New Mean Reversion Trading System (Stocks Over 50 day MA) Tested in Amibroker

This week we put a broader market Mean Reversion trading system to the test.  It was called out by Chris Weston on the ASX market last August as markets around the world were melting down.

Does it work?  We go back over the last six years (that Chris had mentioned), and then the last 15 years using a Monte Carlo test of 1000 random runs to thoroughly check it and see if we would trade it.

The Trading System Rules

The rules state that when fewer than 10% of ASX Top 200 stocks are above their 50 Day Moving Average, then that is (historically) a good time to buy.

In other words – most of the stocks on the index are moving downwards – technically a Mean Reversion trading system (like a “contrarian” system, that buys when stocks are falling in the hope that they will recover to their average).

We can actually test this using a little trick we learned a few weeks ago – AddToComposite in Amibroker.  AddToComposite adds stocks to our very own index.  In this case, we’re looking at add stocks that are over their 50 day Moving Average.

We then want to turn it into a trading system, so we can buy a basket of stocks when our index goes below, say, 30 (if we’re looking for 10% of ASX 200, including delisted stocks and giving a bit of lee-way).

So I’ve made it:

  • Buy when our “Stocks Over 50 day MA” index crosses below, then back above 30
  • Buy 20 stocks randomly, with 5% in each
  • Hold for one year, then sell

Check out the video below for the results!

We tested on:

  • The ASX Top 200
  • From 2000 to 2015
  • Monte Carlo, 1000 Random variations of the test

Results from 2009 to 2015 were:

  • 24% per year return
  • 16% maximum drawdown

Results from 2000 to 2015 using Monte Carlo testing were:

  • 11% per year return
  • 30-50% maximum drawdowns

As you can see, it is often worthwhile testing properly, just in case we get another “2008” scenario, where this system really fell apart.

Happy trending!

– Dave McLachlan

  1. Stock Market Research: The REAL Effect of “Buy and Hold”
  2. This Simple Indicator SMASHES “Buy and Hold” Returns!
  3. More Stats on the Indicator that Beats Buy and Hold Returns
  4. New Mean Reversion Trading System (Stocks Over 50 day MA) Tested in Amibroker
  5. How This Random Entry Beat The Market (The Tom Basso Coin Flip Proven & Explained)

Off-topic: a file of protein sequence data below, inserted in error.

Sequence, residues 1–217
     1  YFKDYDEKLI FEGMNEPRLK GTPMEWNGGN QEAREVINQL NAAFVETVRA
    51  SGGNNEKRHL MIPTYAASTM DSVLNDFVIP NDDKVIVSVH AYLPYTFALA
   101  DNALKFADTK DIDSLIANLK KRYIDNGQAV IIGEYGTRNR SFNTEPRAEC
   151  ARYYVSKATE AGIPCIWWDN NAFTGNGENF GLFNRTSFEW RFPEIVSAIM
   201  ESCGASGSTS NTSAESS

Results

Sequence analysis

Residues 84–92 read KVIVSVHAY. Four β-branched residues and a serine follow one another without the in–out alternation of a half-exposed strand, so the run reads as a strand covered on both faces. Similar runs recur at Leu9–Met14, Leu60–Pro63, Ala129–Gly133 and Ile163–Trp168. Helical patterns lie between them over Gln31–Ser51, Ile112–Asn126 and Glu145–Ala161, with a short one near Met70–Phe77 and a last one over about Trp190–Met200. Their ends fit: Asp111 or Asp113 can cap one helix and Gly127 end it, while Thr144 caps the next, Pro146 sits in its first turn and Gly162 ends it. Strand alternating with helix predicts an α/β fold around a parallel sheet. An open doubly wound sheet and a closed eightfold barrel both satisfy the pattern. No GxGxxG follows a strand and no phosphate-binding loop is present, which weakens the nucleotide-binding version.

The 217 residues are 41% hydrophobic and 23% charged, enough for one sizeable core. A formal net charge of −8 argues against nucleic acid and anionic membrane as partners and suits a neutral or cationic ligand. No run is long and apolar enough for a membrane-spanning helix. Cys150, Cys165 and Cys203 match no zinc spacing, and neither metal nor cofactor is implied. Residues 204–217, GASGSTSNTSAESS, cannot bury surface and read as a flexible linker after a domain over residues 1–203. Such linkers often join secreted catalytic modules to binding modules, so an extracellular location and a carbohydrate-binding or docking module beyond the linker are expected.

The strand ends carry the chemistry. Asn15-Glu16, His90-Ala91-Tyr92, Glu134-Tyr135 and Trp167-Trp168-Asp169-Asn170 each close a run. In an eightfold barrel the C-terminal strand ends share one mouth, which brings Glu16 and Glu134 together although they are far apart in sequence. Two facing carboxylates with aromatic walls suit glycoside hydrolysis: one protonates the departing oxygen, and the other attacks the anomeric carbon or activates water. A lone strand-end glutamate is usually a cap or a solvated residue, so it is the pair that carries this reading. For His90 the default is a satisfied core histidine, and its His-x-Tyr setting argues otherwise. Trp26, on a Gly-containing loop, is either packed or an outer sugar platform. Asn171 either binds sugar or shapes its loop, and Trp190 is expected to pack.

6. Does the “Golden Cross” Outperform Buy and Hold? Market Timing, Real Results
  7. The Trading System from “Reminiscences of a Stock Operator”, Tested Over 116 Years
  8. The Three Billion Dollar Day Trading System Revealed and Tested

December 13, 2015  Tags: , , , , , , ,   Posted in: Stock Market Research

6 Responses

  1. John - January 6, 2016

    Hi Dave,

    I love your videos and they have helped me a great deal. I have a question regarding the Amibroker coding for the entry to a system where you first have a trigger and then the buy is dependent on the price action the next day. For example, lets say the trigger is two lower closes so the close for today is less than the close for yesterday and the close for yesterday is less than the close for two days ago. The entry is tomorrow but only if price trades higher than today’s high plus 2 cents. Any assistance will be greatly appreciated. Thanks a million in advance.

  2. David McLachlan - January 6, 2016

    Hey John,

    Thank you!

    And of course. I reckon this is definitely possible. Now, there might be an easier way to do it, but if it were me I would use “Ref(Array, Lookback number)”. For example, to REFER to the close two days ago, would be “Ref(C, -2)”. Then, those lower closes of yours might look like: “C < ref(C, -1) AND ref(C, -1) < ref(C, -2)". Just as an example. There's an article here on it - if you search for "ref" it will come up 🙂 Happy trending! Dave

  3. John - January 6, 2016

    Thanks for prompt reply Dave, I really appreciate the fact that you have taken time out to reply to my query. The setup or trigger is not the problem. It is the entry day. So lets say that the setup has triggered today, that is C<ref(C,-1) and ref(C,-1)< ref(C,-2). In your videos the entry is on the open the next day. However, I would like to know how to code the entry being enter tomorrow only if today's high is exceed by 2 cents? Is this possible?

    Cheers, John

  4. David McLachlan - January 7, 2016

    Hmmm – it is. Time and Price are the main items in a trading system (on a chart, anyway), and Amibroker can look at any part of those two things.

    As for how to do it – my coding skills are basic, but I can tell you a few steps that I might go through.

    First, for me I would make the shift in timeframe. You mention entering tomorrow. In reality, “Tomorrow” is always in the future, so I would personally shift the whole thing forward one day so I could really test it as if I were trading it.

    If you were willing to do that, it would look like:
    * Enter TODAY if price is 2c higher than yesterday’s high
    Or something like: H > (ref(H, -1) + 0.02) …
    * AND ref(C, -2) < C

  5. David McLachlan - January 7, 2016

    I would also set “Trade Delays” to “0” in Settings, for the trade to be logged on the day I get the signal.

    Then, if you wanted the “Buy Price” to be 2c higher than yesterday’s close (unless of course, it OPENS above that level), it might be:

    BuyPrice = IIF(Open > (ref(H, -1) + 0.02), Open, ref(H, -1) + 0.02);

    I think. You’ll have to have a play with it – as I’m not sure if BuyPrice is restricted to OHLC and Avg only. There’s a vid on IIF here too (and it might be worth doing a video on BuyPrice, maybe?). Hope this helps.

    Cheers – Dave

  6. John - January 7, 2016

    Hi Dave,

    Very helpful, thanks again.

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